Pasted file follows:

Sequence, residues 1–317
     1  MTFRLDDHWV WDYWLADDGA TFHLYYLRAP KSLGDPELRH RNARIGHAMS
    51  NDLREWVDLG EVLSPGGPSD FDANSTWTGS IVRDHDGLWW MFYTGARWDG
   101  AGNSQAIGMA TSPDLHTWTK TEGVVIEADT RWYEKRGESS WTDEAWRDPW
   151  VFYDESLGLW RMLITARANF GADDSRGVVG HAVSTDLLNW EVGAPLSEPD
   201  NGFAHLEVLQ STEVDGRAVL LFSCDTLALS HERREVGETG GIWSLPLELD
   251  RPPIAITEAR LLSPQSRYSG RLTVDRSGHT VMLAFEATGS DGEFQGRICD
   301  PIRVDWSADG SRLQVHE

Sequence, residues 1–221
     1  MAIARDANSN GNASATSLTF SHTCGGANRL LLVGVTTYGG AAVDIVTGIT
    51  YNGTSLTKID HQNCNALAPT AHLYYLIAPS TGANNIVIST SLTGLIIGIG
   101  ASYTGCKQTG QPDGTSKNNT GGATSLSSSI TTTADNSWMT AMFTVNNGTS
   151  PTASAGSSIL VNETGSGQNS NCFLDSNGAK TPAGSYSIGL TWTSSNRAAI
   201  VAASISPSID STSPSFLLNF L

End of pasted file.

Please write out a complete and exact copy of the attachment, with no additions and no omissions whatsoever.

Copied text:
Sequence, residues 1–317
     1  MTFRLDDHWV WDYWLADDGA TFHLYYLRAP KSLGDPELRH RNARIGHAMS
    51  NDLREWVDLG EVLSPGGPSD FDANSTWTGS IVRDHDGLWW MFYTGARWDG
   101  AGNSQAIGMA TSPDLHTWTK TEGVVIEADT RWYEKRGESS WTDEAWRDPW
   151  VFYDESLGLW RMLITARANF GADDSRGVVG HAVSTDLLNW EVGAPLSEPD
   201  NGFAHLEVLQ STEVDGRAVL LFSCDTLALS HERREVGETG GIWSLPLELD
   251  RPPIAITEAR LLSPQSRYSG RLTVDRSGHT VMLAFEATGS DGEFQGRICD
   301  PIRVDWSADG SRLQVHE

Sequence, residues 1–221
     1  MAIARDANSN GNASATSLTF SHTCGGANRL LLVGVTTYGG AAVDIVTGIT
    51  YNGTSLTKID HQNCNALAPT AHLYYLIAPS TGANNIVIST SLTGLIIGIG
   101  ASYTGCKQTG QPDGTSKNNT GGATSLSSSI TTTADNSWMT AMFTVNNGTS
   151  PTASAGSSIL VNETGSGQNS NCFLDSNGAK TPAGSYSIGL TWTSSNRAAI
   201  VAASISPSID STSPSFLLNF L